“Oh, so that’s the woman?”

“Yep.”

“Do you believe her?”

“I think so. I go back and forth. It’s an outrageous accusation, but the contact presents some pretty strong circumstantial evidence. No real proof, mind you, but enough suspicion to make things interesting.”

“This is awesome, Lacy. You gotta let me in on the investigation. I love this cloak-and-dagger stuff.”

“You’re in, Darren. You and Sadelle. That’s the team. Got it? Just the three of us. And you have to promise you will not ask for the real identity of the contact.”

He sealed his lips and said, “Promise.”

“Let’s go.”

There was a café on the far left side of the lobby behind the registration desk. Darren peeled off without a word as Lacy walked to the elevators. She rode alone to the third floor, found the right room, and pushed the doorbell.

Jeri opened the door without a smile, without a word. She nodded toward the room behind her, and Lacy stepped in slowly, glancing around. It was a small room with only one bed.

“Thanks for coming,” Jeri said. “Have a seat.” There was one chair next to the television.

“Are you okay?” Lacy asked.

“I’m a wreck, a total disaster.” Gone were the stylish clothes and fake designer frames. Jeri was garbed in an old black jogging suit and scruffy sneakers. She wore no makeup and looked years older. “Sit down, please.”

Lacy sat in the chair and Jeri sat on the edge of the bed. She pointed to some papers on the desk. “There’s the complaint, Lacy. I kept it short, used the name of Betty Roe. I have your word that no one else will ever know my real name?”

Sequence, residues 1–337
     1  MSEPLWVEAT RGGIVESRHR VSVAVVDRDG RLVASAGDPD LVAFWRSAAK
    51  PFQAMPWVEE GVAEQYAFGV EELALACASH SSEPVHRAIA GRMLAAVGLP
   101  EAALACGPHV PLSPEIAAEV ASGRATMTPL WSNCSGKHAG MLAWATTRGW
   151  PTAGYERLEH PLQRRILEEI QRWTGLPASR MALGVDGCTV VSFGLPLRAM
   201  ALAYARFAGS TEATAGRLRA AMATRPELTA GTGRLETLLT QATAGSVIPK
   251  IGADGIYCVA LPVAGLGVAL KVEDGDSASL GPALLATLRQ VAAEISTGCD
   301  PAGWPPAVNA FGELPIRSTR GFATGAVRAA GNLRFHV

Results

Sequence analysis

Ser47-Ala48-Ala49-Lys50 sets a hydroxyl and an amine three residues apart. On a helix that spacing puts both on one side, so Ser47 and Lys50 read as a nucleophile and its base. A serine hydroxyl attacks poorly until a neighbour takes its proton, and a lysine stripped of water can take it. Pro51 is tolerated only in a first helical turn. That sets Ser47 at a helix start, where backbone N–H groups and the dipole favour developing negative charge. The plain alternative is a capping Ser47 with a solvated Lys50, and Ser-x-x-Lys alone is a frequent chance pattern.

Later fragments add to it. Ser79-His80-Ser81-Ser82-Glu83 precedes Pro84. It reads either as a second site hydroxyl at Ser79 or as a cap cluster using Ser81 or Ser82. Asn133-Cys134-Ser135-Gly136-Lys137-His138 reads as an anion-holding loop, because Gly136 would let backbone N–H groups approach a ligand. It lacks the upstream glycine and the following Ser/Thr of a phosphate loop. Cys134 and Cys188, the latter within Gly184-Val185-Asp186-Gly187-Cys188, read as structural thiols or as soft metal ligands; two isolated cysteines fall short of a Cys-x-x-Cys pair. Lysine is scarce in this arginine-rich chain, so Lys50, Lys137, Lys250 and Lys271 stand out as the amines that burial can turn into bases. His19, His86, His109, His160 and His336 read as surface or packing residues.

“I can’t promise that, Jeri. We’ve been through this. I can guarantee that no one at BJC will know who you are, but beyond that there are no promises.”

“Beyond that? What is beyond that, Lacy?”

“We now have forty-five days to investigate your complaint. If we find evidence to support your allegations, then we’ll have no choice but to go to the police or FBI. We can’t arrest this judge for murder, Jeri. We’ve had that discussion. We can remove him from the bench, but by then losing his job will be the least of his worries.”

“You have to protect me at all times.”

“We’ll do our job, that’s all I can promise. At BJC, your name will be known to no one.”

“I prefer to stay off his list, Lacy.”

“Well, so do I.”

Jeri stuck her hands in her pockets and rocked forward, and then back, lost in another world. After a long, awkward pause she said, “He’s killing again, Lacy, not that he ever stopped.”